Why are they so powerful? First, students are used to hearing us teach every day, and don’t always give us 100% of their attention (who am I kidding, they RARELY give us 100% of their attention). But whenever I’ve had a guest speaker come in, the students seem to hang on to their every word. Another reason they are invaluable is because they can bring in a level of specialized content knowledge that you don’t have.
For example, I recently had my students complete a project where they had to design a food truck. We had been learning about sustainable agriculture, macromolecules, and nutrition. Students were asking questions I didn’t have specific answers for, like how much local ingredients would cost and how they could decrease their company’s carbon footprint. I could have done some internet research to help them find the answers, but why not go straight to the source? I sent a quick email to the owner of a farm not too far from our school asking if students could ask her some questions over the phone about her business. She was more than happy to speak to them and talk about her organic farm and the struggles of starting a small business. They were able to record the phone conversation and refer back to it later as they prepared for their presentations.
I promise when you begin to reach out to people in the community, you will be surprised how willing they are to come in and speak to your students. You won’t always get a yes, and you won’t always find people that can stay all day and speak to multiple class periods. (One way to solve the multiple class periods issue is to record the presentation and show it to your other classes). I’ve had luck tracking down people willing to speak to my students from almost all of the places listed below:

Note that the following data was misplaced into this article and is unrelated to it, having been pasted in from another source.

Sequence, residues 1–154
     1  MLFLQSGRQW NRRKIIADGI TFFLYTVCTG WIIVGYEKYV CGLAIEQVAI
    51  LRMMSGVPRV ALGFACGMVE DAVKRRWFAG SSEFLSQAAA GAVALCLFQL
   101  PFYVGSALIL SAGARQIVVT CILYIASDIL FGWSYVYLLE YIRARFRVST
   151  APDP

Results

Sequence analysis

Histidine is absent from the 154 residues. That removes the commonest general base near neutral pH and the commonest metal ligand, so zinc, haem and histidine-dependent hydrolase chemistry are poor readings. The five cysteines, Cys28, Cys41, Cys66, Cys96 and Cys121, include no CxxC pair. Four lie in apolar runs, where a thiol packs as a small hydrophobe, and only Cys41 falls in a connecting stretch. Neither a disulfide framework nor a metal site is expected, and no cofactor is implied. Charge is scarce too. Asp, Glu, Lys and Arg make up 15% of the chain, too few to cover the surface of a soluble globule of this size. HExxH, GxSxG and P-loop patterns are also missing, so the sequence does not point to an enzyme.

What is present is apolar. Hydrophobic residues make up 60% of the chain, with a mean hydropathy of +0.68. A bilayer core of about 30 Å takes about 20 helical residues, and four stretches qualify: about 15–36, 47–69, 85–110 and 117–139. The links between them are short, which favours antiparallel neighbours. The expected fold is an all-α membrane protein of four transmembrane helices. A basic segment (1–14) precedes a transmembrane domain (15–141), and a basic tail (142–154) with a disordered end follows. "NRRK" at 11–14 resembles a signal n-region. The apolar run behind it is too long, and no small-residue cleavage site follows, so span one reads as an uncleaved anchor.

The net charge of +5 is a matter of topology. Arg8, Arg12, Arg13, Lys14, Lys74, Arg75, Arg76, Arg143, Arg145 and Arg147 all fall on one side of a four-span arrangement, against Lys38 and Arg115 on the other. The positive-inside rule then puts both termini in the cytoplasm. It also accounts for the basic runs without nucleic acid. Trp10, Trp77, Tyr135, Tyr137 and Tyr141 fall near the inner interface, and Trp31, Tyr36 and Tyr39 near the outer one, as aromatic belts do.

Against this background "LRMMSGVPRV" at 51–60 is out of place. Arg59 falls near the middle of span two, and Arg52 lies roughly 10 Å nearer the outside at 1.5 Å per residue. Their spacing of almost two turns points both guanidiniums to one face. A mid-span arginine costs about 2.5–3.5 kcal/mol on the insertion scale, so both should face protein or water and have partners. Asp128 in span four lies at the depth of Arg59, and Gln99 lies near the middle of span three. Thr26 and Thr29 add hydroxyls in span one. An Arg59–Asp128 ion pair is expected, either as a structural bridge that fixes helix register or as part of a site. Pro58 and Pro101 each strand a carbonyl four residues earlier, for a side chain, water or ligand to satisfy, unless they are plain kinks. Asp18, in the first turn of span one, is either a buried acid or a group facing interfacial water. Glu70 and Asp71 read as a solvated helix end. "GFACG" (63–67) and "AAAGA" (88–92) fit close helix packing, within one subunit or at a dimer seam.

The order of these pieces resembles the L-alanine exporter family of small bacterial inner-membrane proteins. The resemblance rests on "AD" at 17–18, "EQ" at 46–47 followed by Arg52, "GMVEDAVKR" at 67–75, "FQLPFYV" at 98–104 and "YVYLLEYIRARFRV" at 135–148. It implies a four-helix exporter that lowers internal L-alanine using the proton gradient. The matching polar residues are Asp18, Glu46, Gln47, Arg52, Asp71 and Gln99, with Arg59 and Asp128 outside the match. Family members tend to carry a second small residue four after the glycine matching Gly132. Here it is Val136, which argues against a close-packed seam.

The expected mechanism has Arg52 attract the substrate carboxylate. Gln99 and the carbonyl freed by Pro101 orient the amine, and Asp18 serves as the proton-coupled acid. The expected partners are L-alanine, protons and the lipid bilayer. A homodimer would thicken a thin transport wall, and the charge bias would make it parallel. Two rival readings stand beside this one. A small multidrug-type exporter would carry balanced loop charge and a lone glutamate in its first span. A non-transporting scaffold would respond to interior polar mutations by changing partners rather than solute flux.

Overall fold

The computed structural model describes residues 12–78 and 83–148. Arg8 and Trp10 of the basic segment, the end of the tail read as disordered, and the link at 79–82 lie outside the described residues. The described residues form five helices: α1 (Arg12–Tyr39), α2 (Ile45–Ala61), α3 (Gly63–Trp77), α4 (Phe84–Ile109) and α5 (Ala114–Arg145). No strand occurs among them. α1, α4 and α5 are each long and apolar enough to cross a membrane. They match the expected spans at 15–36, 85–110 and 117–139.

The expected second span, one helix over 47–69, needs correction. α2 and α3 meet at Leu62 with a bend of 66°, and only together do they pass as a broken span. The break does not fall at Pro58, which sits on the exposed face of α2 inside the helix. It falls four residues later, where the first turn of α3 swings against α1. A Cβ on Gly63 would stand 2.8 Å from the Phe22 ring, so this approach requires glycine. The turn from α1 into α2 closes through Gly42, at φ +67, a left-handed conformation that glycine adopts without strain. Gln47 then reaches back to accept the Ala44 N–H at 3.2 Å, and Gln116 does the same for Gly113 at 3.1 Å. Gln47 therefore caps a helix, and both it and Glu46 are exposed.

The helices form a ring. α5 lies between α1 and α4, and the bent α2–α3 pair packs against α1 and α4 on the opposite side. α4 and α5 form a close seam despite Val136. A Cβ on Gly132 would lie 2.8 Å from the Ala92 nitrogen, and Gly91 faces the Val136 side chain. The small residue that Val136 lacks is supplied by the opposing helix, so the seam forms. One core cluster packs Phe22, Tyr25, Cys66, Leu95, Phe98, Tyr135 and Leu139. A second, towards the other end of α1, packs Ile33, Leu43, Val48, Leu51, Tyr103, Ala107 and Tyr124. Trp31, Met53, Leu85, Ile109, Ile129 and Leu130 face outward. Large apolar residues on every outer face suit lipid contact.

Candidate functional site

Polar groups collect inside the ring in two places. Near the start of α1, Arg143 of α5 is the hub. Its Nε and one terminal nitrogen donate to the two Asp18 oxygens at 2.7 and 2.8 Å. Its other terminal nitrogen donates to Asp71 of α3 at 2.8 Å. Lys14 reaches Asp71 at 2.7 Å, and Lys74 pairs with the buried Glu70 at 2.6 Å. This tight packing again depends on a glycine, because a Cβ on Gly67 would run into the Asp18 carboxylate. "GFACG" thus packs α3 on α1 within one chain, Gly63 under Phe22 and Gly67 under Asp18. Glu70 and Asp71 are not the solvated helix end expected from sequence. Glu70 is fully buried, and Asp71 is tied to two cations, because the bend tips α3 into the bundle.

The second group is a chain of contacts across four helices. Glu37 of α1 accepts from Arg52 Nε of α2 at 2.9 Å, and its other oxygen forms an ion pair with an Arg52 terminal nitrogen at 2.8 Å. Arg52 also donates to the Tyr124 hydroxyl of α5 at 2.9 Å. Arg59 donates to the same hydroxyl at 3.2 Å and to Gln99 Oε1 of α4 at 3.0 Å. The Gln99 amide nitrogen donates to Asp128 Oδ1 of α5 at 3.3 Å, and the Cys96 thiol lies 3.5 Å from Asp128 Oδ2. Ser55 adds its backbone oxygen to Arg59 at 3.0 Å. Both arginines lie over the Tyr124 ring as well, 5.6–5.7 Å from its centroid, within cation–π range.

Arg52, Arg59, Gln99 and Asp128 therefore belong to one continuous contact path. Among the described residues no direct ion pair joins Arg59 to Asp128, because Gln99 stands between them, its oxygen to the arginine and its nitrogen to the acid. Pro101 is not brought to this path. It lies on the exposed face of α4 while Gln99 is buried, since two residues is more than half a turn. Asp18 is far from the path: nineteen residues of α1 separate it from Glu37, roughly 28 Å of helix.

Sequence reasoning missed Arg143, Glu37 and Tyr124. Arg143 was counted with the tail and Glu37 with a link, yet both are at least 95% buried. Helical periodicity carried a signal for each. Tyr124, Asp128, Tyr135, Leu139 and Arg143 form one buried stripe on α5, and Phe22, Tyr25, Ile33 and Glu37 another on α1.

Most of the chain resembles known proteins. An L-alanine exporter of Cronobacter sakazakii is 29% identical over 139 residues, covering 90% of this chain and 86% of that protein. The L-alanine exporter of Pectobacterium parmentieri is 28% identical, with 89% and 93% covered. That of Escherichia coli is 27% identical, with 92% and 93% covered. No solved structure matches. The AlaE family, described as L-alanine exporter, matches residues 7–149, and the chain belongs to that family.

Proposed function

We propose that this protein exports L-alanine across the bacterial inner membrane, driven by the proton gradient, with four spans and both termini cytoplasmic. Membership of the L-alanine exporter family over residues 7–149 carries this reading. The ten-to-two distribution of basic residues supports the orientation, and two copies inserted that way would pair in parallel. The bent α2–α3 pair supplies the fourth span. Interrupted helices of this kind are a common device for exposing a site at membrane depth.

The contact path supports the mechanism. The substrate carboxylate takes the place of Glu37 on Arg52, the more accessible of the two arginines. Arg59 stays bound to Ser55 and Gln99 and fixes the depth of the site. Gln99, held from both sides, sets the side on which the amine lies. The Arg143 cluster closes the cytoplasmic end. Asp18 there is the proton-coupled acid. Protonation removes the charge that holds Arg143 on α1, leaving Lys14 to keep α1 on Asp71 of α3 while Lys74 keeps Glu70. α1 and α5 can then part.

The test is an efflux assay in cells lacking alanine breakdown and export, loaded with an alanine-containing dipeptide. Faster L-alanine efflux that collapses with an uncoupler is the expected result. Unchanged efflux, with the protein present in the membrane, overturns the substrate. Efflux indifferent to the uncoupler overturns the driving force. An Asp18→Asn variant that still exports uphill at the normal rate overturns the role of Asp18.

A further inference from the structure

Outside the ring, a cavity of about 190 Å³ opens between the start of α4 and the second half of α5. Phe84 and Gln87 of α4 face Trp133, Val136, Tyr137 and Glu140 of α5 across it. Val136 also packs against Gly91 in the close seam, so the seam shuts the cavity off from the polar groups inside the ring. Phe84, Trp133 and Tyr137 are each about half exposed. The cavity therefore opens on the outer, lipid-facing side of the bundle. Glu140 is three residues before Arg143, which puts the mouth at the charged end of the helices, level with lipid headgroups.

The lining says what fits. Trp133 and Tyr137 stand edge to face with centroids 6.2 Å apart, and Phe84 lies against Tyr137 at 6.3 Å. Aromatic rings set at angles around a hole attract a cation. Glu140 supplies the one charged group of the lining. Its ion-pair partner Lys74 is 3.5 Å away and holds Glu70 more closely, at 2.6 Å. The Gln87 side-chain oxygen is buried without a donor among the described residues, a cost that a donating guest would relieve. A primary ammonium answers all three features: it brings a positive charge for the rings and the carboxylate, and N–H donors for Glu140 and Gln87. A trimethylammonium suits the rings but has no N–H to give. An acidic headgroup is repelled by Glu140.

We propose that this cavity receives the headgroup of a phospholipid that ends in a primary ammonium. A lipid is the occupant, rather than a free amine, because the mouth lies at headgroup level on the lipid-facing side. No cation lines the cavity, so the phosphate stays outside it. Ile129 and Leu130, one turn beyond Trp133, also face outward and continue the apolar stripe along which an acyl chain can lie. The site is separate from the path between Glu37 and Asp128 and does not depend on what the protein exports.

- Utility companies- energy companies, water, or waste
- Local business owners- endless opportunities here
- School resource officer or local police
- Spouses of colleagues- shoot a quick email to your staff asking if anyone has a connection with the topic you are teaching.
- Game and fish department or zoo employee
- Parents of students
- Professors from your local university
- Blood services employee
- Local news or radio station
- Former students who are now in college
- Nonprofit organizations- They will almost always come, especially if you are organizing some sort of fundraiser to support them
Don’t forget to check out company websites! As I was recently teaching about genetics and GMO’s, we were discussing golden rice and how food can be genetically modified to increase the nutrition for malnourished people. I looked up a website for an organization in my city called “Feed My Starving Children” that packages and ships food to third world countries. And guess what- they had a link that said “request a speaker.” Bingo!
The Beauty of Modern Technology
While it is always ideal to have someone come in and meet with your students personally, this isn’t always possible. But there are other options! Websites such as www.skypeascientist.com allow you to do a skype or google hangout session with a scientist. You choose which type of scientist you would like to skype with based on what you are teaching and they will match you up accordingly.
I’ve also had students do phone interviews with multiple people ranging from professors at our local university to food truck owners. If you email people and ask if they have 10 minutes to spare for a quick phone conversation they will almost always say yes. As a bonus, it is good practice for students to learn how to speak professionally on the phone.
Be sure to check out Guest Speakers Part 2: What to do before, during, and after the presentation for more tips.